Remember the dark paneled walls? Remember the heavy curtains? The off-color, stain-resistant carpet with clear plastic runners that led from the front door to the reception desk? Remember the thick, three-ringed binder nestled on a cluttered desk where patients signed in for their appointments?
From there, patients and families took a seat in a small, tightly packed row of stiff armchairs in the reception area with no invitation of comfort except for a battered coffee table strewn with months-old tabloids.
When a patient’s name was called, he or she was led to a stark and lifeless treatment bay starved of personality. The only visual flare was—if you were lucky—a fish tank or a framed poster regarding the importance of wearing your retainer.
These are the impressionable images of orthodontics from what feels like another time, when the orthodontic office was utilitarian. Interior design—and how it affects the functionality of the practice and impacts the overall orthodontic experience—was not a consideration.
Fast forward to 2018, and it’s clear that there’s been a shift in the mindset. Today’s orthodontic offices are focused on creating a positive experience from the minute patients and their families walk through the front door.
“Over the past 5 years, trends have changed in the typical orthodontic office,” notes Scott Somers, principal architect and owner of ARCH-101, Post Falls, Idaho. “Not surprisingly, technology has driven most of these changes, as well as how parents and families feel about encountering the overall experience.”
Technology vs Design
Typical in any profession, evolution is field for change. In the instance of orthodontics, the consideration between advancements in technology and how it functions in a specified space is an issue that many designers have already begun to address.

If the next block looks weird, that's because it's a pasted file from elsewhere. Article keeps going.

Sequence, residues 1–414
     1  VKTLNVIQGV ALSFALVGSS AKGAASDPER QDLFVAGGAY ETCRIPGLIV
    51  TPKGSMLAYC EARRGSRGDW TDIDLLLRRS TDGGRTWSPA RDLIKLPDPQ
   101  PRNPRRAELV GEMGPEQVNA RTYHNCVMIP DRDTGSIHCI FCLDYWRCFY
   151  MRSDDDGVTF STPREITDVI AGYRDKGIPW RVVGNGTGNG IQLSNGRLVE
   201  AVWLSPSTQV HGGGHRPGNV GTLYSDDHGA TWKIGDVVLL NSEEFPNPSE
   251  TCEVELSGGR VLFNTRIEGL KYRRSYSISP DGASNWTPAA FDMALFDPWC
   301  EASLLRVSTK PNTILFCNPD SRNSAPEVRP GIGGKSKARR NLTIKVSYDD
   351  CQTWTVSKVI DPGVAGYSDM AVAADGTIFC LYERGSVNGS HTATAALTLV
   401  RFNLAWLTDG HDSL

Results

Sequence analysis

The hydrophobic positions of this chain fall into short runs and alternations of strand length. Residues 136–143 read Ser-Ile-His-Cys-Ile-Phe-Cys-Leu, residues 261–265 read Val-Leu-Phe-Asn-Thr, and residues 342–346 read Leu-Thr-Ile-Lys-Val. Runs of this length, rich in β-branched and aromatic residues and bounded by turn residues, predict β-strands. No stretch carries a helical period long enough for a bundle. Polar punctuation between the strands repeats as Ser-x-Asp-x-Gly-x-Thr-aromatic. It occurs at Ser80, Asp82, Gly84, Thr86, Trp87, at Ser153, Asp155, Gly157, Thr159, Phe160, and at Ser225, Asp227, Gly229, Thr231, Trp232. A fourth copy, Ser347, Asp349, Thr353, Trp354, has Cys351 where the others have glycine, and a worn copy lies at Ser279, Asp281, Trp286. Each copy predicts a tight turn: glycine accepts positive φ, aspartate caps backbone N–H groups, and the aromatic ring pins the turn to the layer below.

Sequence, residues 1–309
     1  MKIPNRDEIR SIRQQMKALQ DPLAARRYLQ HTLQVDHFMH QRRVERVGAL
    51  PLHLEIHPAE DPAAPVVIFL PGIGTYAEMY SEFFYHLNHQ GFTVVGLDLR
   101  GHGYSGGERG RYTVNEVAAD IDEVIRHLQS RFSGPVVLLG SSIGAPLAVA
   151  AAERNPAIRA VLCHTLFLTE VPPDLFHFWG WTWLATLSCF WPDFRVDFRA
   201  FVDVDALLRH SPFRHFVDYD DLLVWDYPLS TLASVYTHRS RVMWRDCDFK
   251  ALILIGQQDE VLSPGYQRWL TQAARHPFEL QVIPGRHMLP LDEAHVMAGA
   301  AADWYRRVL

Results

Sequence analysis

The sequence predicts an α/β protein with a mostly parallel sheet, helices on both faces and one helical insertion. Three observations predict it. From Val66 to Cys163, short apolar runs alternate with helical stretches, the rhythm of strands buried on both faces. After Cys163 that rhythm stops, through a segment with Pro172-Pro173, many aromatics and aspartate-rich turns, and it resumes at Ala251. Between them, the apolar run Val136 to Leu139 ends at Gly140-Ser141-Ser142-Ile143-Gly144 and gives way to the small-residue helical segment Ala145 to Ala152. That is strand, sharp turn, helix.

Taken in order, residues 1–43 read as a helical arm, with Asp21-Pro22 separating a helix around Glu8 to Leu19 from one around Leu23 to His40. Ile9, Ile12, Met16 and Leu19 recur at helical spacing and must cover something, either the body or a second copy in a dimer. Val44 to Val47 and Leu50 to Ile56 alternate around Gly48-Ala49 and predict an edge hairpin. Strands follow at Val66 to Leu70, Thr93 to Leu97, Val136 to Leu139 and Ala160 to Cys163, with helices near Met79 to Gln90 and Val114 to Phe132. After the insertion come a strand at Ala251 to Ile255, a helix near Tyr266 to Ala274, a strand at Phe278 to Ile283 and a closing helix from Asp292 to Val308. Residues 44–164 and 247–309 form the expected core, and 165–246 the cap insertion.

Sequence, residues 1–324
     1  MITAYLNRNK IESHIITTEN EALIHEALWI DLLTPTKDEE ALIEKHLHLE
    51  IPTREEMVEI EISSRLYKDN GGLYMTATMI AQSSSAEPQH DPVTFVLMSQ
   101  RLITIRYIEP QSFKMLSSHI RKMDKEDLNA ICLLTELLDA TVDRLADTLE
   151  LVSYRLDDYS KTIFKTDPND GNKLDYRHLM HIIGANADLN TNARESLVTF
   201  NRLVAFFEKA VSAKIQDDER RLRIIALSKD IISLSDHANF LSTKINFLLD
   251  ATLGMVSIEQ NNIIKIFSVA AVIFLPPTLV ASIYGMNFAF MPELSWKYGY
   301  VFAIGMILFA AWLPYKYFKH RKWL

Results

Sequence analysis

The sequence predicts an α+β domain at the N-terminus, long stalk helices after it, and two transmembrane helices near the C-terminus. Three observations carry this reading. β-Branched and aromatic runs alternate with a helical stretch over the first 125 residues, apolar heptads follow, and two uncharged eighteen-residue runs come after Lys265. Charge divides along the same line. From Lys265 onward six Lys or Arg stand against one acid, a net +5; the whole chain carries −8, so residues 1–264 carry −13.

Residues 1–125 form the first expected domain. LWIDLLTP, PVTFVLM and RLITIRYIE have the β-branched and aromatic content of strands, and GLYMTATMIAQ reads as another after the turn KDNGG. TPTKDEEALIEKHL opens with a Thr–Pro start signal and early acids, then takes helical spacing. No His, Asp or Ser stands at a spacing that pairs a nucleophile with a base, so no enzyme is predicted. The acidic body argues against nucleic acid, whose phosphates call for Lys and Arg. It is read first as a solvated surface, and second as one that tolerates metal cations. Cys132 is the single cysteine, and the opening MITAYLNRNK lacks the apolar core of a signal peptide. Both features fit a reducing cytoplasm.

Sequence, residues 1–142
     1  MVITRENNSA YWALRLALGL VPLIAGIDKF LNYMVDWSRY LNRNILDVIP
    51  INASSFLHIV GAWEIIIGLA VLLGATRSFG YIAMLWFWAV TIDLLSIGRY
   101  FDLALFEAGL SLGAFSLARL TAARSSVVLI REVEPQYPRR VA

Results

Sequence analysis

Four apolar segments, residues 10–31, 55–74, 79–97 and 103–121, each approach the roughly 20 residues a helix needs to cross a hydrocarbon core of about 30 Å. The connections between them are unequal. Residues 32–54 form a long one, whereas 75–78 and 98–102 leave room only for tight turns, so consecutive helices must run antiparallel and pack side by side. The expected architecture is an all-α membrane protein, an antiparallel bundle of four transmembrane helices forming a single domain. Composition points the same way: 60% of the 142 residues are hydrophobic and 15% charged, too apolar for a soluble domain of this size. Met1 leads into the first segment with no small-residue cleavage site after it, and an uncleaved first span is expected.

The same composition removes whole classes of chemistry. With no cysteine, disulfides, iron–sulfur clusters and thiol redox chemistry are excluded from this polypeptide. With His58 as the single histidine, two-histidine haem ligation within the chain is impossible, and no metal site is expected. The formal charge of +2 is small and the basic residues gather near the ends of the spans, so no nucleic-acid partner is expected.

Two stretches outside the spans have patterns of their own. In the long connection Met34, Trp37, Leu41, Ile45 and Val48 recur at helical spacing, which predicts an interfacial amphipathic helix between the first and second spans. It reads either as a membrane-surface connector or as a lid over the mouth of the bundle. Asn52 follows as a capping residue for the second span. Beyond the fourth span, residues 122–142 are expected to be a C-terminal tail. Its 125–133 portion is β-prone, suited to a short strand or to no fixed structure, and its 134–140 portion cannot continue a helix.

“Portable imaging technology options have changed requirements for most records rooms,” says Joseph Ross, president of Ross Orthodontics Facility & Design, Midlothian, Tex. “Interoral equipment and other wand-imaging equipment have replaced the need for impressions and model box storage.”
Also, as Ross explains, with the increased use of scanners and aligners, model taking has decreased, as well as model storage. Instead, in terms of design, the space is being replaced with aligner storage, which requires a significantly smaller footprint.
What’s more, as Ross notes, “With the use of computers chairside, the old integrated light systems have gone away, as well as the need for an on-deck area.”
Some designers are using new technology to actually design around, well, technology.
“We focus on two things when it comes to designing these types of spaces: studying patient and employee circulation and using virtual reality,” says Ryan Dobbs, AIA vice president of BarberMcMurry Architects, Knoxville, Tenn. “We study [doctor], employee, and patient flows before we ever put pen to paper to begin designing. Once we know how employees work, and where patients need to be, we can design a space that improves efficiency for staff members, helps protect patient privacy, and keeps patients in spaces they need to be by separating employee-only rooms from the natural flow of the space,” he explains. “Our use of virtual reality means that clients can digitally walk through the building before it is ever built. It’s becoming a game-changer for us because our clients, who may or may not understand a floor plan or be able to mentally picture dimensions, can still step into a space that’s in design.”